Now that you have the full back story, let’s hit the back roads for a glimpse of some of our local cranberry bogs! Massachusetts is home to roughly 500 cranberry growers who’s bogs range from 15 to 20 acres in size. The A.D. Makepeace Company, based in Wareham, MA. is the world’s largest cranberry grower! Unfortunately we just missed their annual Cranberry Harvest Celebration during Columbus Day weekend. Imagine over 30,000 people gathered in one place for cranberries! There’s just so much to do in New England during the fall.  It’s on my list for next year!

Every autumn parts of Massachusetts become inflamed with the bright red color of ripening cranberries. Berries are grown on vines in sandy bottomed bogs and only irrigated during the driest summer weather as needed. White berries are mature and can be harvested and used for things such as white cranberry juice. It is the cool nights in the fall that give the berries their characteristic deep red color.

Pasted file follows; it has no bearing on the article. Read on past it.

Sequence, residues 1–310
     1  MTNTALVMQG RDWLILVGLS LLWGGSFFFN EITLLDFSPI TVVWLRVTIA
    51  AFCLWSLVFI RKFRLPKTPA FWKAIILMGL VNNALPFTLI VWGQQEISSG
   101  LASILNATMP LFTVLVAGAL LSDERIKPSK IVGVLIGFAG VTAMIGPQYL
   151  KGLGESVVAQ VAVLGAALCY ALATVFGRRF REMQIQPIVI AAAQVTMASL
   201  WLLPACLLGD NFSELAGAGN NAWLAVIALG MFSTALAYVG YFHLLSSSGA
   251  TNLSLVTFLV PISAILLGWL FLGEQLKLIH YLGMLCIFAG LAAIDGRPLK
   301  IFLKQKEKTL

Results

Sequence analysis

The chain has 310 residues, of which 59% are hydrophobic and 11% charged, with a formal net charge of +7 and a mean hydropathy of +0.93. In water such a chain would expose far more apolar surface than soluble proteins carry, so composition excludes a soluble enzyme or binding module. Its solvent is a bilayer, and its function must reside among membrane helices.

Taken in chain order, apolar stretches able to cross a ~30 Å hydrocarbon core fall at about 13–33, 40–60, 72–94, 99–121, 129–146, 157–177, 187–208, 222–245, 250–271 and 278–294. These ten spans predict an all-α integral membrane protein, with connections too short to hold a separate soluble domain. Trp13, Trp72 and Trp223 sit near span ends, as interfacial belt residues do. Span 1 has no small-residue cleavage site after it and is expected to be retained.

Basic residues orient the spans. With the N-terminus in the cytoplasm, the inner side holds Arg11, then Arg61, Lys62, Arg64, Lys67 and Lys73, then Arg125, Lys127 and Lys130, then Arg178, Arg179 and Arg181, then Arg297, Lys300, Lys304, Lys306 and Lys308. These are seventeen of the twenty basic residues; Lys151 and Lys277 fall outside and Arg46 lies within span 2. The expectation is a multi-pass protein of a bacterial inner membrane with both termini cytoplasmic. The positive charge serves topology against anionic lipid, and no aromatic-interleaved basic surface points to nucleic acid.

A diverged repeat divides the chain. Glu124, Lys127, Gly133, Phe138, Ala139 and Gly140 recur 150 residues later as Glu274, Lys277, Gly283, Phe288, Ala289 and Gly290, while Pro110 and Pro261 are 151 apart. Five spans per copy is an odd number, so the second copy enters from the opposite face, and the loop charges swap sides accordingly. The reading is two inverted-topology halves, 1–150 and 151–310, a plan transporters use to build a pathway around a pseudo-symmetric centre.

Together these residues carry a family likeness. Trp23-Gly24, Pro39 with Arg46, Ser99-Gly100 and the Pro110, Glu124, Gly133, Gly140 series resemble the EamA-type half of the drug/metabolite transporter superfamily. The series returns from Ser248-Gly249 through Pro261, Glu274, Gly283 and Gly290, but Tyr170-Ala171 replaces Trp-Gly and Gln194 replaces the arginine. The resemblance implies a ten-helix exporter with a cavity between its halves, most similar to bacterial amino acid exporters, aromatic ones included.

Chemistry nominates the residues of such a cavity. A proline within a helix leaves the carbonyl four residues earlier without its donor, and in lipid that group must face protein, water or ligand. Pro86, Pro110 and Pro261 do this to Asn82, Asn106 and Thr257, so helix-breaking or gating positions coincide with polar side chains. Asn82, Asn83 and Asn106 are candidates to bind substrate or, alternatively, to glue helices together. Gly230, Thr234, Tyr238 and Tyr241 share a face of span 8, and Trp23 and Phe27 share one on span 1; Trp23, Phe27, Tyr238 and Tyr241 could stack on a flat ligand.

Harvesting happens once a year between mid- September and the end of October. Most berries are wet harvested today. The bogs are flooded with water to make harvesting easier. The berries float to the top so pickers can get to them quicker and it’s a more efficient way of getting more berries off the vines.

These trucks were hauling berries to the Ocean Spray Cranberry for processing and packaging just in time for holiday cooking and baking!